S Herzer, C Hagan, J von Gerichten, V Dieterle, B Munteanu, R Sandhoff, C Hopf and V Nordström (2018). Deletion of Specific Sphingolipids in Distinct Neurons Improves Spatial Memory in a Mouse Model of Alzheimer’s Disease
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Alzheimer’s disease (AD) is characterized by progressive neurodegeneration and a concomitant loss of synapses and cognitive abilities. Recently, we have proposed that an alteration of neuronal membrane lipid microdomains increases neuronal resistance toward amyloid-β stress in cultured neurons and protects from neurodegeneration in a mouse model of AD. Lipid microdomains are highly enriched in a specific subclass of glycosphingolipids, termed gangliosides. The enzyme glucosylceramide synthase (GCS) catalyzes the rate-limiting step in the biosynthesis of these gangliosides. The present work now demonstrates that genetic GCS deletion in subsets of adult forebrain neurons significantly improves the spatial memory and counteracts the loss of dendritic spines in the hippocampal dentate gyrus of 5x familial AD mice (5xFAD//Ugcgf/f//Thy1-CreERT2//EYFP mice), when compared to 5xFAD//Ugcgf/f littermates (5xFAD mice). Aberrantly activated glial cells and their expression of pro-inflammatory cytokines have emerged as the major culprits for synaptic loss in AD. Typically, astrocytic activation is accompanied by a thickening of astrocytic processes, which impairs astrocytic support for neuronal synapses. In contrast to 5xFAD mice, 5xFAD//Ugcgf/f//Thy1-CreERT2//EYFP display a less pronounced thickening of astrocytic processes and a lower expression of tumor necrosis factor-α and interleukin 1-α in the hippocampus. Thus, this work further emphasizes that GCS inhibition may constitute a potential therapeutic target against AD.
V Seyrantepe, S A Demir, Z K Timur, J Von Gerichten, C Marsching, E Erdemli, E Oztas, K Takahashi, K Yamaguchi, N A Buket, D Demir, T Dalkara, K Erich, C Hopf, R Sandhoff, T Miyagi (2018). Murine Sialidase Neu3 facilitates GM2 degradation and bypass in mouse model of Tay-Sachs disease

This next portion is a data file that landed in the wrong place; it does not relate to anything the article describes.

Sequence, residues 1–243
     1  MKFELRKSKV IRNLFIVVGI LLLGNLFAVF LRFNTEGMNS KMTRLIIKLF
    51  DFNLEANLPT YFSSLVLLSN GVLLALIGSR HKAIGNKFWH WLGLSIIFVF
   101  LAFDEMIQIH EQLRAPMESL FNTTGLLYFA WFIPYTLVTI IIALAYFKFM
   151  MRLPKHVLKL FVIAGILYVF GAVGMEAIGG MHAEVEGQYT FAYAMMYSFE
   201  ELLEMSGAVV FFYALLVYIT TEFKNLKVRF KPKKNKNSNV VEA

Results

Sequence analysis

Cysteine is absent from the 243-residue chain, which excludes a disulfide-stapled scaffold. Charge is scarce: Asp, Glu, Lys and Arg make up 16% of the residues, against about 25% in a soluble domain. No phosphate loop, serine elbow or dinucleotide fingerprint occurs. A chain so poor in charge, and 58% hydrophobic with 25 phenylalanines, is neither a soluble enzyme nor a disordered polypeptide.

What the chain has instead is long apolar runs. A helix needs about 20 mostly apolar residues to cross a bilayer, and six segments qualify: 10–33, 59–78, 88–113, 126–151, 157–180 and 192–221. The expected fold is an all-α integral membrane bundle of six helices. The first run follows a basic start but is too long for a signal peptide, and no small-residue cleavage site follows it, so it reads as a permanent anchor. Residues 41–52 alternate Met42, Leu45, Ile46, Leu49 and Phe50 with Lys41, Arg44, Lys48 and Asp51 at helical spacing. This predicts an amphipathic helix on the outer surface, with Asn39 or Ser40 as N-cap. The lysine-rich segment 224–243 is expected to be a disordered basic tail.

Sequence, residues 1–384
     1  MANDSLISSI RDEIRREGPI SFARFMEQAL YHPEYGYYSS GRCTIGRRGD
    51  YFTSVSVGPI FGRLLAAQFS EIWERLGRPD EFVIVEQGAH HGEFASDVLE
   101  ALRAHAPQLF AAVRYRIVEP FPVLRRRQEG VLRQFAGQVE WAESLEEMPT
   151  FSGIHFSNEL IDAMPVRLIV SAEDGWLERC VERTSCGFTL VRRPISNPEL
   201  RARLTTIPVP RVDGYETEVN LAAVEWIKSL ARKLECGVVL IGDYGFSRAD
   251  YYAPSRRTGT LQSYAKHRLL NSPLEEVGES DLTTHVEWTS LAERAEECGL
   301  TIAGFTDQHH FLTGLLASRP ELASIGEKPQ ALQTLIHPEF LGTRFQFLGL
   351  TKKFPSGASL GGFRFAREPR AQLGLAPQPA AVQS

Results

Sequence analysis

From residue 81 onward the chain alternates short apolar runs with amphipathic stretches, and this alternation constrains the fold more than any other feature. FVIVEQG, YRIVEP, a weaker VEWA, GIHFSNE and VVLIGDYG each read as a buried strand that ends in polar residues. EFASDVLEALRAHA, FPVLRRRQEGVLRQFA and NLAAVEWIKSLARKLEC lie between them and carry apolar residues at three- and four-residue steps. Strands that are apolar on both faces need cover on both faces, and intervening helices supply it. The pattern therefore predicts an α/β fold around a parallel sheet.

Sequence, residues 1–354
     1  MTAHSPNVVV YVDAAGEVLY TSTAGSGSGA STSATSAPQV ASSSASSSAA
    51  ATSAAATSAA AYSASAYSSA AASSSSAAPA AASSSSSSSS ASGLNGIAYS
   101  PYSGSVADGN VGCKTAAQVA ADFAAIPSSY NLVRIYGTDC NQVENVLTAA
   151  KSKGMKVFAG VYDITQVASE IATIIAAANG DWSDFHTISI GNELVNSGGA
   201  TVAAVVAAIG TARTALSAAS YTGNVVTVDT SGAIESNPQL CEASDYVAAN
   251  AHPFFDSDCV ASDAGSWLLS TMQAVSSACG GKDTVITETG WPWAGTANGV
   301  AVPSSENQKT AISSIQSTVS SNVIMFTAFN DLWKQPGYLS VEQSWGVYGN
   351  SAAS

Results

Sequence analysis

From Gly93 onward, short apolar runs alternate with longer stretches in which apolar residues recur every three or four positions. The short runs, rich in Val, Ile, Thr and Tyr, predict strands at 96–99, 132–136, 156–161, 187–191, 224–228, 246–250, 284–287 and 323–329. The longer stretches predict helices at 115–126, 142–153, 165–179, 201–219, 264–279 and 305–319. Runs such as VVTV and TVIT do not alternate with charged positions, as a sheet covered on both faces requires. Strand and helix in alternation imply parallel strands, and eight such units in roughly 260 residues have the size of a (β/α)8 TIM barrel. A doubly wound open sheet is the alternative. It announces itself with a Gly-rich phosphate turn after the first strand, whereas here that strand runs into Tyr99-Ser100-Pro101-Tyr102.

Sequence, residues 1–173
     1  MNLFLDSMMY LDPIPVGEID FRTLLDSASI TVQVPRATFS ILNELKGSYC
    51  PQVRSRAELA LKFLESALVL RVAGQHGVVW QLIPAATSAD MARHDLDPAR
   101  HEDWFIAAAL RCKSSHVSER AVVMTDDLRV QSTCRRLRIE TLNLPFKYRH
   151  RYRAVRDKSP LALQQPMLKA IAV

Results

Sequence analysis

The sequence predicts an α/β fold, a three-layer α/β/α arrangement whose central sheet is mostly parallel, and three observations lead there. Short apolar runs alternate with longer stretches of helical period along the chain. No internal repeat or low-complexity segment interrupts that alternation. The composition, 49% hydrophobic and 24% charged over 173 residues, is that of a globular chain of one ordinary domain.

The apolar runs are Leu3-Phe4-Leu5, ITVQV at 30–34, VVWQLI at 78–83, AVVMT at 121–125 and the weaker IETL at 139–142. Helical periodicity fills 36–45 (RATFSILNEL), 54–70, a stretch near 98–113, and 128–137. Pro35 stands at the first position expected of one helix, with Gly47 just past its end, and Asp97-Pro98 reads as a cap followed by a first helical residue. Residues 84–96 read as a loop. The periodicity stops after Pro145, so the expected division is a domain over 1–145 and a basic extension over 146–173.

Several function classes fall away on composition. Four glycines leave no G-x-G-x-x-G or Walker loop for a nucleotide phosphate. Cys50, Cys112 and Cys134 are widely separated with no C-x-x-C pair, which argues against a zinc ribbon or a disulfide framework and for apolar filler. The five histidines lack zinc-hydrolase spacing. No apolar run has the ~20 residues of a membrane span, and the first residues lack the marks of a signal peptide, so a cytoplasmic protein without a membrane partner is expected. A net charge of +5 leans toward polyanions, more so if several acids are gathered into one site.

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Tay-Sachs disease is a severe lysosomal storage disorder caused by mutations in Hexa, the gene that encodes for the α subunit of lysosomal β-hexosaminidase A (HEXA), which converts GM2 to GM3 ganglioside. Unexpectedly, Hexa/ mice have a normal lifespan and show no obvious neurological impairment until at least one year of age. These mice catabolize stored GM2 ganglioside using sialidase(s) to remove sialic acid and form the glycolipid GA2, which is further processed by β-hexosaminidase B. Therefore, the presence of the sialidase (s) allows the consequences of the Hexa defect to be bypassed. To determine if the sialidase NEU3 contributes to GM2 ganglioside degradation, we generated a mouse model with combined deficiencies of HEXA and NEU3. The Hexa/ Neu3/ mice were healthy at birth, but died at 1.5 to 4.5 months of age. Thin-layer chromatography and mass spectrometric analysis of the brains of Hexa/ Neu3/ mice revealed the abnormal accumulation of GM2 ganglioside. Histological and immunohistochemical analysis demonstrated cytoplasmic vacuolation in the neurons. Electron microscopic examination of the brain, kidneys and testes revealed pleomorphic inclusions of many small vesicles and complex lamellar structures. The Hexa/ Neu3/ mice exhibited progressive neurodegeneration with neuronal loss, Purkinje celldepletion, and astrogliosis. Slow movement, ataxia, and tremors were the prominent neurological abnormalities observed in these mice. Furthermore, radiographs revealed abnormalities in the skeletal bones of the Hexa/ Neu3/ mice. Thus, the Hexa/ Neu3/ mice mimic the neuropathological and clinical abnormalities of the classical early-onset Tay-Sachs patients, and provide a suitable model for the future pre-clinical testing of potential treatments for this condition.